Despite that, the key figure to watch for the pound over the next few days will be $1.2350, says Kathleen Brooks at City Index.
If sterling can stay above that level, it shows the pound can survive what the market sees as "bad news", she says.
The pound is currently trading just above it at $1.2371 - although that's down 0.2% on the day.
She says other risks for the currency include: retail sales data on Thursday, which could show if rising prices are hitting shoppers; and the response to Article 50 from the EU's negotiating team in the next few weeks.
The UK's most secretive intelligence agency has appointed a new boss. Jeremy Fleming, a career MI5 officer, has been appointed as the head of Government Communications Headquarters (GCHQ).
He takes over at a difficult time for the communications intelligence agency.
The Trump administration floated the idea last week that GCHQ was asked to wiretap Donald Trump, before later distancing itself from the claim.
A few minutes ago, the director of the NSA (the US counterpart to GCHQ) said the British wire-tapping claims were "nonsense" during a hearing in Washington .
Matt Brittin's appearance at a London advertising conference could not have been better timed - for the watching journalists at least.
Google's European boss took to the stage at Advertising Week Europe just as the storm over adverts appearing next to extremist videos on YouTube hit new heights.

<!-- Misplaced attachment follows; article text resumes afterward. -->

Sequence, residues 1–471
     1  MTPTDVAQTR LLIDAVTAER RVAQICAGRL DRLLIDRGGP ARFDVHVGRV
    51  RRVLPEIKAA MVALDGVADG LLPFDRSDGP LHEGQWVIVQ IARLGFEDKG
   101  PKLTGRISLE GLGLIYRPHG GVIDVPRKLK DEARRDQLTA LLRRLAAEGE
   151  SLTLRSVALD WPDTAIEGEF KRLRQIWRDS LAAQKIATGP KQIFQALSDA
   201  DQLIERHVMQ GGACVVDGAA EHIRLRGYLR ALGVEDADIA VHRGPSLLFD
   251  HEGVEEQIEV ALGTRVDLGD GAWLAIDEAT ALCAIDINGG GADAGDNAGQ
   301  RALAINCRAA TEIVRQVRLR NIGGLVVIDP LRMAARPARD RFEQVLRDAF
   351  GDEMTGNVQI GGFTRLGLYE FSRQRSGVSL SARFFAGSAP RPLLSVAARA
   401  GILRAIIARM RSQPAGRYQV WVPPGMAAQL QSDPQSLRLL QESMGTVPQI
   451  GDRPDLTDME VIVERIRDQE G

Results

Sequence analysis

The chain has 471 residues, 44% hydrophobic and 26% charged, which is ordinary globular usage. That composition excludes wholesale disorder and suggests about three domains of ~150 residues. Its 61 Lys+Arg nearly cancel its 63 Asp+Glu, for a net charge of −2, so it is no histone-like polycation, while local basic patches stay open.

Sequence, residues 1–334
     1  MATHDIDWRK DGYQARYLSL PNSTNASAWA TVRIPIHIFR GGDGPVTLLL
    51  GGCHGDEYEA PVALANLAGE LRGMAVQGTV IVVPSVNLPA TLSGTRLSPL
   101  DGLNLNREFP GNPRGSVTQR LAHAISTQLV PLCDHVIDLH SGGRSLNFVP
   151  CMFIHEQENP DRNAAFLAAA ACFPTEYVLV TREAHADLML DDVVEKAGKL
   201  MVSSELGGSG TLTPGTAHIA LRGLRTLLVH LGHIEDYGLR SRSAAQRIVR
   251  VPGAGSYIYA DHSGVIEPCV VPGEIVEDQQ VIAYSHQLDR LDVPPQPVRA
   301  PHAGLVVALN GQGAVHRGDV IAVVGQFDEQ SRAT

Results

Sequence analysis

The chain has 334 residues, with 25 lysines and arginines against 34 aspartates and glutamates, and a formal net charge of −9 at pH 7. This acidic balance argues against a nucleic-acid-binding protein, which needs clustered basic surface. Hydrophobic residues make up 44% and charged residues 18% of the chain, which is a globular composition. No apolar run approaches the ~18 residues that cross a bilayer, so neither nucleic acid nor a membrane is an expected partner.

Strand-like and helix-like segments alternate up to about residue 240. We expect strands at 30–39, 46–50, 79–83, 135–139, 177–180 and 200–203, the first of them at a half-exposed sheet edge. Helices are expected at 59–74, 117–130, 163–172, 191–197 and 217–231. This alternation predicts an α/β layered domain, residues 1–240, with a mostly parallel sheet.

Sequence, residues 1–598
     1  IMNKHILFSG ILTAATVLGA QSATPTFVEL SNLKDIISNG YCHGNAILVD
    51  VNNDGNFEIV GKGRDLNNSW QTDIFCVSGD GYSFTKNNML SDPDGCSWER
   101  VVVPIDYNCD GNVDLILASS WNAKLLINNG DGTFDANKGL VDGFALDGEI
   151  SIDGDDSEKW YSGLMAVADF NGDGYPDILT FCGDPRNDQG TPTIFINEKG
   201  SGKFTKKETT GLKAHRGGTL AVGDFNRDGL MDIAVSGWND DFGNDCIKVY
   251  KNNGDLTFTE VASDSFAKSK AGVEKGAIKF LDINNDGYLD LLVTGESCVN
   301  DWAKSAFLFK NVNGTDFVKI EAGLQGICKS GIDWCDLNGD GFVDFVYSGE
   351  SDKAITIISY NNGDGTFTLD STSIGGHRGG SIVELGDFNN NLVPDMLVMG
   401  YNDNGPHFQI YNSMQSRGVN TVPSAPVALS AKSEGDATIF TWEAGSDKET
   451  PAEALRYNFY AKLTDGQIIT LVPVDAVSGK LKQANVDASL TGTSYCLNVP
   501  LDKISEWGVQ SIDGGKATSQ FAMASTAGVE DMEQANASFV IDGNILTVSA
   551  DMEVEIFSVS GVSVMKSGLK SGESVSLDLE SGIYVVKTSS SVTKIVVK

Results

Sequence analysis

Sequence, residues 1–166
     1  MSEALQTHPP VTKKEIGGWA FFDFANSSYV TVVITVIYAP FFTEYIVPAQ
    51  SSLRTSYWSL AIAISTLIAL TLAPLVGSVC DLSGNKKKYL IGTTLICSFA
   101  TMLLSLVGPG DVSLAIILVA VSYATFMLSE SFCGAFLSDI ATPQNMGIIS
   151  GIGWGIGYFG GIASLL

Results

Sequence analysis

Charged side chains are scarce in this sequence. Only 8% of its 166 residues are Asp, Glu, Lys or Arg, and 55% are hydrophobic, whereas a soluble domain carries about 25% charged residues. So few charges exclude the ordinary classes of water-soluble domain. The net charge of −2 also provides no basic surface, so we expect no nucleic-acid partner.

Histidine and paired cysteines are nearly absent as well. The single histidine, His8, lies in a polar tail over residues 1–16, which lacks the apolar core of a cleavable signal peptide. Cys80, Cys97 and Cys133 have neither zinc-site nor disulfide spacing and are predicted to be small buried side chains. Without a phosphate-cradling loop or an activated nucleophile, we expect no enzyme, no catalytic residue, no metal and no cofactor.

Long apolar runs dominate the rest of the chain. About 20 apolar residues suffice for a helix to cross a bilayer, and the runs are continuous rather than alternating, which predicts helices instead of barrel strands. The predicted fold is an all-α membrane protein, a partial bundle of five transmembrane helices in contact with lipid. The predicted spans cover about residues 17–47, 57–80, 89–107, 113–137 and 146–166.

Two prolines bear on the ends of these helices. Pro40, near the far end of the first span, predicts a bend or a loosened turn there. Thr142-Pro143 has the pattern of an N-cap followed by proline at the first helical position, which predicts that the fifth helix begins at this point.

As Google is effectively the world's most lucrative ad business, losing the trust of its customers is a serious matter. So Mr Brittin started by saying sorry: "We apologise when anything like that happens, we don't want it to happen and we take responsibility."
There are two difficult issues for Google here: spotting videos that are illegal and should be removed from YouTube; and determining which are legal but not suitable to carry advertising.
The World at One
BBC Radio 4
Sir Martin Sorrell, chief executive of WPP - the world's largest advertising agency - says Google's apology for ads appearing next to extremist content on YouTube is a first step towards fixing the problem.
However, he tells BBC Radio 4's The World at One that Google needs to be more transparent about its methods for placing ads on sites.
Sir Martin says that media buyers could control the places where the advertising appears by creating a "whitelist" of appropriate sites - and a "blacklist" of those deemed to be less desirable.